All systems go!

All systems go!

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The brewmaster sampling the first taste of the first keg

For many years now, FM has produced fabulous home-brew which he willingly shares with anyone who shows a remote interest in craft beer. For any social event at our home, home-brewed beer is on the menu. Our typical hostess gift is bottles of his beer, in hopes of introducing someone to a new style or converting a macro-brewery drinker to the joys of flavour.

I believe that FM’s interest in home-brewing began, as it does for millions of others, in university. He took his keen interest in cheap beer, paired it with course work in micro-biology and found his place among beer kits and carboys. I dare say that brewing beer has been a continual hobby of his for about 30 years!

In the cramped apartments of our younger days, brewing would take up parts of each weekend. The primary fermenter would be tucked away in a hallway closet with its yeasty scent permeating every corner. The secondary carboy would bubble away in a dark corner for a number of weeks. Then the bathtub would become the washing and sanitizing station just before the task of bottling and capping. In those first years, he would use small 341 ml bottles and it would take about 66 of them for each batch of beer, making it a daunting task to properly clean all of these recycled bottles. Eventually, he collected enough 650 ml bottles for a few batches of beer, reducing the task of sanitizing by half.

Although beer kits are still the backbone of his brewing, he personalizes each batch with something unique. He has made single hop varieties with our home-grown hops. He has experimented with dry-hopping right in the bottles. He has added his own home-roasted coffee into batches of Porter. He has cultured sediment from classic Belgian beers to use as the yeast for his own Belgian-style brew.

When we moved to the Queendom last year, we both knew that the workshop would become the brewery and his home-brewing hobby would flourish. With such a big space, the possibilities for expanding his brewing repertoire are endless.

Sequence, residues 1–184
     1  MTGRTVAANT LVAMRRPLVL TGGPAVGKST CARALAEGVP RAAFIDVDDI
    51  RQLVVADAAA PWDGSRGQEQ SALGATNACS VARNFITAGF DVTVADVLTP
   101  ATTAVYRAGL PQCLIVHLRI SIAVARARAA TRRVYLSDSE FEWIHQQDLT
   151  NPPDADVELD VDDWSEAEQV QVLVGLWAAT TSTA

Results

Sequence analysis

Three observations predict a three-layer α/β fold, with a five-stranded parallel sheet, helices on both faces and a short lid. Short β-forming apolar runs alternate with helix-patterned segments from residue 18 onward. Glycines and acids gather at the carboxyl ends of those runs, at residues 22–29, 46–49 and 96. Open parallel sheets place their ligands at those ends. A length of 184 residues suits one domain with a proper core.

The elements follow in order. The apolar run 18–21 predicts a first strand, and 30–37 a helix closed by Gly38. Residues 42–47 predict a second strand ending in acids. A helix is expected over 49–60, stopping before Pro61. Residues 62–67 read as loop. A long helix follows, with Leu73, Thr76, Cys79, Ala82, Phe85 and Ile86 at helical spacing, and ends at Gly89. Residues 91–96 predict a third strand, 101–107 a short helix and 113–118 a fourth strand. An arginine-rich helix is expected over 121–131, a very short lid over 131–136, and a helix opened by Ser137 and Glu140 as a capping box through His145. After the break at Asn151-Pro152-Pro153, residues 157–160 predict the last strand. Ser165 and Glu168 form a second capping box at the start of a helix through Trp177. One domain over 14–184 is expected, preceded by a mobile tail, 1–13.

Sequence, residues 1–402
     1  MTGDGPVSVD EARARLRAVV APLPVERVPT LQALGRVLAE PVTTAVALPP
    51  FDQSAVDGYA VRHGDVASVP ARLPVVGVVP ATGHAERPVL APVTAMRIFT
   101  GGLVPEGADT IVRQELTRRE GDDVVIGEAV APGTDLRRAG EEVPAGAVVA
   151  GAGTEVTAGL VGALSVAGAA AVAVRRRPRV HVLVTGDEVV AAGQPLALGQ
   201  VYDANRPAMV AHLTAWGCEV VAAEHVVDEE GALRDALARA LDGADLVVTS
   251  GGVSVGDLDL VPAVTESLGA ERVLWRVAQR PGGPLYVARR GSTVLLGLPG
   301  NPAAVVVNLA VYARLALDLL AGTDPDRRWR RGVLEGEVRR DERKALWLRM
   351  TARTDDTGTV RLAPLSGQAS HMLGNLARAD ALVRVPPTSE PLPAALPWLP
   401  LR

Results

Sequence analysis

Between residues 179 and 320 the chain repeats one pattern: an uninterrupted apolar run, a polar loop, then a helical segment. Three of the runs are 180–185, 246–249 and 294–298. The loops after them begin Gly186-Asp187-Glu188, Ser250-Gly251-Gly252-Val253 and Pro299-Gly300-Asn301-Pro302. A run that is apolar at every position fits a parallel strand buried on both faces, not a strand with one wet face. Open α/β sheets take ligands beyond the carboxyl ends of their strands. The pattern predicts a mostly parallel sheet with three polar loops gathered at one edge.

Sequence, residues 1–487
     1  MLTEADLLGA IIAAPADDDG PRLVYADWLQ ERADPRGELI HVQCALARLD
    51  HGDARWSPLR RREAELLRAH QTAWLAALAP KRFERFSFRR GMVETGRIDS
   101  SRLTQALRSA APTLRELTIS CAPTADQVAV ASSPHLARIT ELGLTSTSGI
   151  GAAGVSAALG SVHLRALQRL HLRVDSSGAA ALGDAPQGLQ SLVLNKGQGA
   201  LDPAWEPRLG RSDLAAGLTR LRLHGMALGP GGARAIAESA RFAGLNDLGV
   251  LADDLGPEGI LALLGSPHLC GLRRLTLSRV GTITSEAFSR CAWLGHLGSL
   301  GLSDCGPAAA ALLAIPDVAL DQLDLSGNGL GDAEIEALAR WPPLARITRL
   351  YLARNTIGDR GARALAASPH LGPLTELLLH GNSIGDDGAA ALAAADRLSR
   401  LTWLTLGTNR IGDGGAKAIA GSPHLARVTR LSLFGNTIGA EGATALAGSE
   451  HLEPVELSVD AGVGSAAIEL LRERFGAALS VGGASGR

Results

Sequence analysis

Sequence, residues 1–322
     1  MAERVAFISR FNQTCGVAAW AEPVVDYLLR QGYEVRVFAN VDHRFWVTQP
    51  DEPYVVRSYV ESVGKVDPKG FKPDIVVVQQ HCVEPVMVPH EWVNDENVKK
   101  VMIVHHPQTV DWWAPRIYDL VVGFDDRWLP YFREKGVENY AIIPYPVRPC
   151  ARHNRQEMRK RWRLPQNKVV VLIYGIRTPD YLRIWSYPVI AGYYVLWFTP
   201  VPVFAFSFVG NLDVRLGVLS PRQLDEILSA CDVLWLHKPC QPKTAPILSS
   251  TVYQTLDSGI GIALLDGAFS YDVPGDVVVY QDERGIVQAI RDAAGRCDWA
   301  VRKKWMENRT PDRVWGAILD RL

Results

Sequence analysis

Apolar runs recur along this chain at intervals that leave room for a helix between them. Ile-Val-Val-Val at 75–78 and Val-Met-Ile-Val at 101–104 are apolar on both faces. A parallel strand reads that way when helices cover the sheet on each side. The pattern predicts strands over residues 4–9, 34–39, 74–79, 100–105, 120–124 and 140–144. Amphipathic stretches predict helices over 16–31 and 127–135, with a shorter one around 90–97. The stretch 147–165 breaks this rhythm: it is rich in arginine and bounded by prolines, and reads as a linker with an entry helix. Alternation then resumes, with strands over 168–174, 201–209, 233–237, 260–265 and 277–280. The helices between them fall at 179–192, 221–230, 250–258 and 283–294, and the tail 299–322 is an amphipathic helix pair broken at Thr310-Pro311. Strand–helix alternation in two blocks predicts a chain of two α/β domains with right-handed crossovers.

Bruce's Brews Taproom

Bruce’s Brews Taproom (with 5 hop varieties growing in the foreground)

The brewing corner - where the magic happens!

The brewing corner – where the magic happens!

The first order of business was to construct a counter-flow wort-chiller.

The carefully curved copper pipe will carry cold water which will quickly chill the boiled wort, which will be passing through the red hose.

The carefully curved copper pipe will carry the hot wort which will quickly chill as it passes through cold water pumped through the red hose.

The second project was to acquire all the required parts for a keg fridge and make his first batch of keg beer.

In this mini bar fridge, there is room for two kegs and the CO2 tank.  this whole contraption will be housed in our crawl space with tap lines running up through the kitchen wall.

In this mini bar fridge, there is room for two kegs and the CO2 tank. This whole contraption will be housed in our crawl space with tap lines running up through the kitchen wall.

The next task will be to move the keg fridge into the crawl space and then run the keg lines up into the kitchen. (The thought of having taps of our own beer right at the kitchen counter gives me a thrill!) There are many more projects brewing in FM’s mind. Whole grain brewing and more creative styles will be coming our way in no time.

Isn’t it about time that you stopped by for a beer??

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We Got The Results (but not as anticipated)

If you have been following, you know that FM and I decided to kick off the new year with a 3 Day Cleanse and yesterday was Day 1. Here are a few pictures of the Lunch Drink being created:

Lime juice, celery, cucumber, green apple and pineapple ... soundsokay so far...

Lime juice, celery, cucumber, green apple and pineapple … sounds okay so far…

and then add kale, almond milk and coconut oil

and then add kale, almond milk and coconut oil

Not as offensive in colour as the breakfast drink but far too chunky for my taste.

Not as offensive in colour as the Breakfast Drink but far too chunky for my taste.

Again I was surprised, in a good way, by the taste. I didn’t have to choke it down but I would never serve it to guests (you’ll be happy to know). As I carried on my merry way that afternoon, I kept thinking about my stomach and food – which is really unusual for me.